Discussion of news topics with a point of view, including narratives by individuals regarding their own experiences

Anxiety Chronicles is a series from The Lily that examines the journeys different women have with anxiety.

This week, we hear from Emmie Chiyindiko, a a 26-year-old Ph.D. student, award-winning science communicator, and lecturer. When she is not incessantly hovering over her chemical reactions in the lab, she loves catching the sunset, listening to music and reflective writing. Say hello on Twitter or Instagram on @scientistemmie.

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My history with anxiety

My parents largely influenced my responses to challenges, mistakes and failures. I’m convinced they’re the most dramatic parents on earth; there’s just no gauge to their catastrophizing. Losing a school pencil should not make a child feel like their life is over, even in a working-class family deep in Southern Africa. My father had special kinds of pep talks, which I dubbed “fear-talks”. Having struggled in his early life, he feared his children would find themselves in the throes of poverty, so he made it his mission to motivate by scaring us. The result was an anxious little girl trying to please her parents and make sure she never makes mistakes.

My 20s are undoubtedly my years of becoming. After finishing my first degree in Zimbabwe, I moved to South Africa for my master’s, now PhD. The journey has been amazing and I’m immensely proud of my accomplishments.

I expected leaving a country gripped with economic woes for greener pastures would be smooth. I didn’t expect to fear for my life when xenophobic attacks erupted. I didn’t think I would anxiously try to assimilate, navigate racial macroaggressions while diminishing my Zimbawean-ess in fear of retribution.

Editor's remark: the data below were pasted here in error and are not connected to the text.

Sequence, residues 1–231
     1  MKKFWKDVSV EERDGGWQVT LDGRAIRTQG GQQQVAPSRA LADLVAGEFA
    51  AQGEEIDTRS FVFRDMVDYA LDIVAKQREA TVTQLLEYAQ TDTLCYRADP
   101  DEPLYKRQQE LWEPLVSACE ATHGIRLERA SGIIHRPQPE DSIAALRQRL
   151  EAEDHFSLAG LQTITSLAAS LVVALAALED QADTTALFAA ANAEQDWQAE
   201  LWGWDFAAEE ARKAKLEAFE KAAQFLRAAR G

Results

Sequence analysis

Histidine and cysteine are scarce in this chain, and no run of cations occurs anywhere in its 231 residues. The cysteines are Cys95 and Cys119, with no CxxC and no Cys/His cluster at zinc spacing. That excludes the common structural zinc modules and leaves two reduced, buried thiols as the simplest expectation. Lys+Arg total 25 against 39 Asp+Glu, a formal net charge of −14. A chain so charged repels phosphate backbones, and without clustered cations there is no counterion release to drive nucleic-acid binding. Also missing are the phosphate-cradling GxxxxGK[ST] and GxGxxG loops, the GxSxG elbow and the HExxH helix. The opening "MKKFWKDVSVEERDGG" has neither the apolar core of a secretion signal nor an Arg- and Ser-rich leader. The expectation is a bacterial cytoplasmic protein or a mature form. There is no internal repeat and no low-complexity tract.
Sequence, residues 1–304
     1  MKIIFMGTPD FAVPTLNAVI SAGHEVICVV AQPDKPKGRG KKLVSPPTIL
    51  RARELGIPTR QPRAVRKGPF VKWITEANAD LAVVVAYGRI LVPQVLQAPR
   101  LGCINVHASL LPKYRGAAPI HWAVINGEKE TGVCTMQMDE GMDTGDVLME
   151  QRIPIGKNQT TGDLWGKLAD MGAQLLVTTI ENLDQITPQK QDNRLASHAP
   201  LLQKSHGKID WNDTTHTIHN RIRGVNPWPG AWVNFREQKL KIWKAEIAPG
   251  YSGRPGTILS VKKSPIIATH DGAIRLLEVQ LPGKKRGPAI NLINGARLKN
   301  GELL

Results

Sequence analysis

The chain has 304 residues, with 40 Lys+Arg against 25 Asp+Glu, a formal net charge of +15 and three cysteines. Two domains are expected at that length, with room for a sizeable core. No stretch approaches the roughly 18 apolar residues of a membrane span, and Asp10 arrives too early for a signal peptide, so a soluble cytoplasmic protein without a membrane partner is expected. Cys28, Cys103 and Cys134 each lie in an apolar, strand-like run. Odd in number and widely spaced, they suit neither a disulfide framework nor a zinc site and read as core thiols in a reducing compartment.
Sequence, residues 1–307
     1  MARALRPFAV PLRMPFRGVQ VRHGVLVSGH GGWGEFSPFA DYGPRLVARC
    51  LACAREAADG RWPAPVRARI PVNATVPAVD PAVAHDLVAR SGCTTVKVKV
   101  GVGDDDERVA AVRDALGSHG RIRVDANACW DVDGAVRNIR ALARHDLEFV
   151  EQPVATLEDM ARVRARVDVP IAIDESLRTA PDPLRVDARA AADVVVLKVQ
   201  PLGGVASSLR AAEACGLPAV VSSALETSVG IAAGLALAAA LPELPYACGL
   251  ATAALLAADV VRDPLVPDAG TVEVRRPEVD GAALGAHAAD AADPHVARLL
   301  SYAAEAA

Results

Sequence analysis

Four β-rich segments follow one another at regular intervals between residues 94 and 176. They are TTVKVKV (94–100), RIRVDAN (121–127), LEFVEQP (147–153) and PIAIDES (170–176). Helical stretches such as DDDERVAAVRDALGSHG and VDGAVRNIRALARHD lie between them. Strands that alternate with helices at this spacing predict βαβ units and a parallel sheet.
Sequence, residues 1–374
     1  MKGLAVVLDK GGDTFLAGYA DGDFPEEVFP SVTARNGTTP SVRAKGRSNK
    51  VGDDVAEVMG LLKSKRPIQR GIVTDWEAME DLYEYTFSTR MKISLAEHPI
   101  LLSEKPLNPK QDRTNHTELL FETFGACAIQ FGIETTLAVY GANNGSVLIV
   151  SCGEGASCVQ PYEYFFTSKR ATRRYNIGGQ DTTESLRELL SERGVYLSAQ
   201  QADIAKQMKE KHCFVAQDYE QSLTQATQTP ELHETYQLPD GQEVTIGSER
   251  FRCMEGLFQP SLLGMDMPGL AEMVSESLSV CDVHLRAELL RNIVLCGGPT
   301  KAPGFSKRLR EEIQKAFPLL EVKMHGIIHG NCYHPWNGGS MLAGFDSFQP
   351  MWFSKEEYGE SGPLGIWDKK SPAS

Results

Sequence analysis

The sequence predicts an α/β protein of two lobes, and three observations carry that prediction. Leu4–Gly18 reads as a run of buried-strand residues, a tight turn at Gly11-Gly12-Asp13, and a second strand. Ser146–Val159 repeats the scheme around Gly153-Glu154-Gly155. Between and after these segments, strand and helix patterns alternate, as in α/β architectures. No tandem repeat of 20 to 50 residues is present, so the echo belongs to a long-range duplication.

How anxiety presents itself physically

In my late teens, I found myself pregnant and in a far from ideal relationship highlighted with mental and emotional abuse. During one of our many pointless arguments, that I had learned ended faster if I just keep quiet, my bottled emotions became so strong that I started feeling pain in my arms. I would describe the pain as fire and little needles coursing through my veins.

I eventually pried myself out of that relationship, tooth and nail. Thank God. The arm pain didn’t stop. When I feel anxious, upset and refuse to acknowledge my feelings, I still feel fire and needles running through my veins. It occurs less often now but when it does, I know it is a sign from my body to remove myself from a situation, nudging me to pay attention to my mind, body and soul.

How anxiety presents itself mentally

I thought long and hard about this and the best way to answer is this excerpt from my old journal.

“I walk around the world with my nerves exposed. I am scared; I am scared all the time. Terrified. When I felt like my fear would overcome me, I numbed myself, my soul left my body and watched me...my dead eyes, feeling nothing, hearing nothing and saying nothing.